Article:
While many details remain to be determined, it is clear that much of the supervisory work will still be delegated in practice to national supervisors so that the work we have been doing in Ireland to strengthen the national supervisory system will remain equally relevant for the period ahead. In addition, it should not be forgotten that the current proposals only refer to banks, and by far the largest part of the national supervisory and regulatory regime relates to other types of financial firms.
My last attendance at this committee was in March 2012 and was focused on the issue of that month's instalment payment on IBRC's promissory notes. As the committee will recall, an interim solution was applied to that instalment, which was effectively settled with a long-term Government bond rather than cash. While this was not altogether an ideal solution from anyone's point of view, seeking a non-cash solution for that instalment was a sound tactic for the Government, embarking as it was on the larger question of rearranging the duration and terms of the overall Central Bank indebtedness arising out of the failure of Anglo Irish Bank and INBS and the payment of their creditors.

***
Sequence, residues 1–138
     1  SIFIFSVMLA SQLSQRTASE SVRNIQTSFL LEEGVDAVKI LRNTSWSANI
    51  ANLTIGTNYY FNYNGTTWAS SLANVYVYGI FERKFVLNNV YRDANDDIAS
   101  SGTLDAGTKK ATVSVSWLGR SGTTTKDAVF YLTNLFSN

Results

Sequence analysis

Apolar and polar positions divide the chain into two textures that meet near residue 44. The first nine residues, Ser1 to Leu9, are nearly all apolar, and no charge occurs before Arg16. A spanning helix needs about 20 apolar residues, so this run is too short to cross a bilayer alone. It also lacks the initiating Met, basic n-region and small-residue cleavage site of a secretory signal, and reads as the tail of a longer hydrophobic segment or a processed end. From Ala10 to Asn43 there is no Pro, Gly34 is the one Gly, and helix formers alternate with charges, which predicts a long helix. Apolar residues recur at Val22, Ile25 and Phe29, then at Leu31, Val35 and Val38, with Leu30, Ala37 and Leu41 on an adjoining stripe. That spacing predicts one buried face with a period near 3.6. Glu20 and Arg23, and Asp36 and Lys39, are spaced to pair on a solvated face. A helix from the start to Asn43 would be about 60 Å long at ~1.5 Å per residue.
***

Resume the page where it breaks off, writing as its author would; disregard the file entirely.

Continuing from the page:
Since then, there has been an intensive process of discussion and negotiation on this matter, which is one of the two main thrusts of the Government's policy to have a euro area review of the overall indebtedness arising out of the banking crisis. There is considerable goodwill from all interlocutors in this process. Nevertheless, it has not been easy to find a generally acceptable solution. Taking into account both the statutory position and wider policy stance of the ECB, an initiative of this type will be novel and, as such, challenging. Using our knowledge of central banking law and practice, we have been working carefully to build understanding and confidence around a set of proposed transactions designed to deliver for Ireland, while not taking other decision makers too far out of their comfort zone. The ECB is an organisation that seeks to proceed as far as possible by consensus, and it is not surprising that this work has been taking quite a while. In fact, what we have designed from our side is, I believe, largely in the interests of the euro system as a whole. On work in progress, I have nothing to add today to what has already been said by the Minister for Finance about the prospects and timing of the conclusion to these discussions. I am happy to take any questions the committee might have.
Chairman: I thank Professor Honohan. Given there is a fairly packed committee this afternoon, I would propose that we take the first round of questions in batches of ten minutes if that is agreeable and depending on how that is proceeding, in five to six minute batches thereafter.